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Meeting Her Match
By Debra Clopton
Steeple HillCopyright © 2007 Debra Clopton
All right reserved.
Says the Lord, "You will seek me and find me when you seek me with all your heart."
Sheri Marsh stared in wide–eyed amazement at the three women around the table with her at Sam's Diner. They were her official nightmare come a–calling.
Oh yes, it was true. These deceptively innocent–looking little old ladies were the infamous "Matchmaking Posse" of Mule Hollow. And they'd just informed Sheri that they had a plan to wipe her woes away. Whether she wanted them to or not!
"Okay," Esther Mae Wilcox was saying, her hands held out in front of her as if she were about to deliver the biggest punch line of all time. "So, are you ready? Here's the plan." She paused, as if waiting for an imaginary drumroll. "Me and Norma Sue made up a list last night. And Sheri, you are just going to love it!"
Well, Sheri thought, looking at the bright side, at least the truth was on the table now–no more hints, no more hemming and hawing. The posse had come clean. They'd admitted what she'd already deduced was going on behind her back.
They were setting her up!
Tamping down her escalating temper, Sheri leveled her gaze at each of the women at the table.
First she zeroed in on Esther Mae. The woman was like Lucille Ball and hersidekick, Ethel, rolled into one.
Then Sheri shot her gaze to Esther Mae's partner in mayhem, Norma Sue Jenkins. She had a very full figure and the willpower of a steamroller. Sheri could just see herself looking like a flattened Gumby after Norma Sue got through plowing over her with her matchmaking notion.
Last but not least, Sheri settled her gaze on Adela Ledbetter, a wisp of a woman who balanced the other two out with her serenity and godly wisdom. Okay, she usually balanced them out. At the moment, to Sheri's dismay, she wasn't balancing anything with that soft smile and twinkling eyes! Nope, Sheri could tell that obviously Adela had more important personal things on her mind, like the cute–as–a–wrinkled–raisin Sam, owner of the only diner in the rustic town of Mule Hollow, Texas.
Yep, Adela was just sitting there letting Sam place a steaming cup of coffee in front of her, in the special china cup that Sam used only for Adela. It was no secret that there was romance in the air between the spry proprietor and the truly special lady. In fact, nobody seemed to understand what was keeping them from taking the trip to the wedding altar. Plus, unlike the way they'd latched on to Sheri, her cohorts didn't seem in any hurry to tie Adela and Sam up in a neat little match–made–in–Mule–Hollow–heaven package. And as far as Sheri was concerned Adela and Sam needed some help. At the pace they were going they'd be batting eyes at each other forever. They'd never experience wedding bliss unless someone stepped up and lit a fire beneath them.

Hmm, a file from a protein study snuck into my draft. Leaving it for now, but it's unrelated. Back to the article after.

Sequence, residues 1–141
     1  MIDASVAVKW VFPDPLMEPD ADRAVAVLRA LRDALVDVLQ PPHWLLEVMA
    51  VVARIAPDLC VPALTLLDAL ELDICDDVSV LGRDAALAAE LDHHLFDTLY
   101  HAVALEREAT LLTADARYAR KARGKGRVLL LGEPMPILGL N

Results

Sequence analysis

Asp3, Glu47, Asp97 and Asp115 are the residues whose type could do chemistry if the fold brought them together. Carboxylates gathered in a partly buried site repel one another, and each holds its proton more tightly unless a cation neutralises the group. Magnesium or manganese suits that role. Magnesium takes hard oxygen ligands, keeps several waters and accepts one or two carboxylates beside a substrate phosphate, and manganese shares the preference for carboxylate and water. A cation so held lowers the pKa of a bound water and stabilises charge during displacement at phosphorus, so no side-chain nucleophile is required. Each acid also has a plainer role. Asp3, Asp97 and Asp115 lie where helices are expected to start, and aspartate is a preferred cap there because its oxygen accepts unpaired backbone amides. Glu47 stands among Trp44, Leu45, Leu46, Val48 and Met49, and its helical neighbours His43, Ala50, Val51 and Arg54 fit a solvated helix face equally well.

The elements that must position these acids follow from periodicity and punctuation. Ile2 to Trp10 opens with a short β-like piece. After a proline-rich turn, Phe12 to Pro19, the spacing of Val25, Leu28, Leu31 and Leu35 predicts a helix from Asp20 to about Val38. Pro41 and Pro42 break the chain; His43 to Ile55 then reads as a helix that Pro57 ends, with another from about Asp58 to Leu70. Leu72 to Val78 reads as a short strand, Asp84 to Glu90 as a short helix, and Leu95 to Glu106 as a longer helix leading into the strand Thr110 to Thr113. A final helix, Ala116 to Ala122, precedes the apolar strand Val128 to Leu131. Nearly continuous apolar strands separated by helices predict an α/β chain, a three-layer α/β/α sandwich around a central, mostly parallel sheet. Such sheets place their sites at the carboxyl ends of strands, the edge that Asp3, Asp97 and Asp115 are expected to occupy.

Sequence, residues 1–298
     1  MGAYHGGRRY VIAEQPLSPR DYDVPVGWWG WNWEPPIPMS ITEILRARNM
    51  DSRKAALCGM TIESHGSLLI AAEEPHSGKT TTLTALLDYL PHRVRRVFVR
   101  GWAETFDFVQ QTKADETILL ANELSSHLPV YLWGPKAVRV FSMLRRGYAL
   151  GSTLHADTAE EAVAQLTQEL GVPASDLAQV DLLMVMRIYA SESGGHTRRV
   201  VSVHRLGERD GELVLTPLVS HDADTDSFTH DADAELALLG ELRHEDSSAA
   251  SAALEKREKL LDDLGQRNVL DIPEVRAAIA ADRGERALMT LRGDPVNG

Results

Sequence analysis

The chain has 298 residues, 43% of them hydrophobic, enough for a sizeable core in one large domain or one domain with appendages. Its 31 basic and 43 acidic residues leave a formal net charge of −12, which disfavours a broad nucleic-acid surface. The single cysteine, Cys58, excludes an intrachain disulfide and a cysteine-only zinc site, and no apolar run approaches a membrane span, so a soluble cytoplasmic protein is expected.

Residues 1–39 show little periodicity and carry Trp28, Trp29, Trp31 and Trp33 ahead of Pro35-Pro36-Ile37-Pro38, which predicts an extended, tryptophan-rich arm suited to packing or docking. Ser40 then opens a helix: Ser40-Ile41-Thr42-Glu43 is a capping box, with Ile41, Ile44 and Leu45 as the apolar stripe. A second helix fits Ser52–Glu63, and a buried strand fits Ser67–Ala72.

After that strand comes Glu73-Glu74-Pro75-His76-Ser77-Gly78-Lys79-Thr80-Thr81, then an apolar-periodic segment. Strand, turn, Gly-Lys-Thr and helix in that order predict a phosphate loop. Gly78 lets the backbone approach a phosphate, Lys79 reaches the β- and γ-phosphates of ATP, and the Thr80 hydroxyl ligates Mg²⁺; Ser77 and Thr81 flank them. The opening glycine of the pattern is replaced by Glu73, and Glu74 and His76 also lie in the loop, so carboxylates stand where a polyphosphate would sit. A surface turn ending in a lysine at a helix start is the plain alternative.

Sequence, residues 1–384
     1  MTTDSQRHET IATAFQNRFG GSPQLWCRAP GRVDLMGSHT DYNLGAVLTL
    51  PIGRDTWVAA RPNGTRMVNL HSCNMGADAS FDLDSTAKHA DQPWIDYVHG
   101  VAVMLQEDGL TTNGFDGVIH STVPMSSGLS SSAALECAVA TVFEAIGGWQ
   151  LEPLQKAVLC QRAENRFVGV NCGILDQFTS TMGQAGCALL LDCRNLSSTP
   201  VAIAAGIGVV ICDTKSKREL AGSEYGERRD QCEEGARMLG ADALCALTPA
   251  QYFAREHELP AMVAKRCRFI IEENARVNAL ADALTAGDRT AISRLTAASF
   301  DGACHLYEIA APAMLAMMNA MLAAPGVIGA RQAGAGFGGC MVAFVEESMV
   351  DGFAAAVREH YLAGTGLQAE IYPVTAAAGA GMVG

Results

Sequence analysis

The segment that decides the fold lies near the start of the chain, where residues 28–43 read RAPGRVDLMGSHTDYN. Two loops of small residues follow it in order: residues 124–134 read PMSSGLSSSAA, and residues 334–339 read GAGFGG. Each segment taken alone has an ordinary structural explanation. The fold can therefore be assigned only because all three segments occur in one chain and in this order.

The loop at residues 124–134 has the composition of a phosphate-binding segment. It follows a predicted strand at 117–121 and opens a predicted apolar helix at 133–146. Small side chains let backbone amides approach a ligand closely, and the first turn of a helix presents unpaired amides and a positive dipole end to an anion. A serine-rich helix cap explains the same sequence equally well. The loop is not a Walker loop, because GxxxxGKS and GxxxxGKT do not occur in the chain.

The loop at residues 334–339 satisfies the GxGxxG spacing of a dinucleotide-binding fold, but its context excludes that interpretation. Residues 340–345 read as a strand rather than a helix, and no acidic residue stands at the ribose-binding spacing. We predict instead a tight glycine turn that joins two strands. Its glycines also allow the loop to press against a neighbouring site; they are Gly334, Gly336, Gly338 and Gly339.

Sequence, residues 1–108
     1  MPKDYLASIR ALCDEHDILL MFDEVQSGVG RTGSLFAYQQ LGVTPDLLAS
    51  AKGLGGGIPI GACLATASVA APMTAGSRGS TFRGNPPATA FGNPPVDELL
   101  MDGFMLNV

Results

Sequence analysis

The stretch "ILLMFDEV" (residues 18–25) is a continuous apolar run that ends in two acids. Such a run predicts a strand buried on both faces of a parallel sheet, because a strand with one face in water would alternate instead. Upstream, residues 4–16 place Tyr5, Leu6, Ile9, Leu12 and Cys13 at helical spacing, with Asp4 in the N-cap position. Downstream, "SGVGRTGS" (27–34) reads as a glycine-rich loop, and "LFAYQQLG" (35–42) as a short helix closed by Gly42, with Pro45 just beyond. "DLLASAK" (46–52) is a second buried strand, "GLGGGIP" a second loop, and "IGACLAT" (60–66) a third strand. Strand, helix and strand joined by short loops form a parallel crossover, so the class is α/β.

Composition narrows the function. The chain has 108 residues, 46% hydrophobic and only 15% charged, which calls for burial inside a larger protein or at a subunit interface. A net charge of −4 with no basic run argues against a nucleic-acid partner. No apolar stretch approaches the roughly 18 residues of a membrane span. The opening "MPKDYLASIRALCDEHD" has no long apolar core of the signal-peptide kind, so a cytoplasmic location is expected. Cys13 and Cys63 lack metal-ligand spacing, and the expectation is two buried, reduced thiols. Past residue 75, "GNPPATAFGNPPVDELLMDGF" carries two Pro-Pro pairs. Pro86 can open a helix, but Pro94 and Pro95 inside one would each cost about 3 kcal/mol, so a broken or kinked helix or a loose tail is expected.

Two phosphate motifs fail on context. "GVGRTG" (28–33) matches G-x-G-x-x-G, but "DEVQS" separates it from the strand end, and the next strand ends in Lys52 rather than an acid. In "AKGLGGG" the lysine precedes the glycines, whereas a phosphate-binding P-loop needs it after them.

Sheri bit her lip. Was it too much to ask that the focus be taken off her single status and applied to Adela?
Lastly, Sheri glared at her best friend, Lacy, who was sitting on a stool at the counter and had spun to face them. She was just as intent as the senior posse on trying to find Sheri a husband. Her mischievous grin and laughing eyes proved it as she met Sheri's glare.
"What we did," Norma Sue continued, drawing the words out as if she were about to make a major proclamation, "was make a list of all the single cowboys. Then we listed all their truly wonderful attributes. Let me tell you, Sheri, there's still some great pickin's out there. You need not be worried that you'll get the runt of the litter."
"That's right," Esther Mae broke in. "After all, love is a very idiosyncratic view—"
"A what?" Norma Sue exclaimed.
The previously full–figured Esther Mae threw her recently achieved size–twelve shoulders back and looked down her nose at Norma Sue. "I–dio–syn–cratic," she said slowly, as if pronouncing it to a child. "It means subjective." She smiled proudly, ignoring Norma Sue's frown. "I'm learning new words out of the Reader's Digest. It's supposed to keep my mind alert, so y'all get ready. I'm gonna be bustin'them out on occasion. You know, when the opportunity arises."
Sheri joined everyone in staring open–mouthed at Esther Mae. It was a known fact that Esther Mae couldn't get the words she already knew into the right context. Where she'd go with bigger, better words was anybody's guess.
"I think that's a grand idea," Lacy said at last, breaking the silence. "You learn them first then teach us."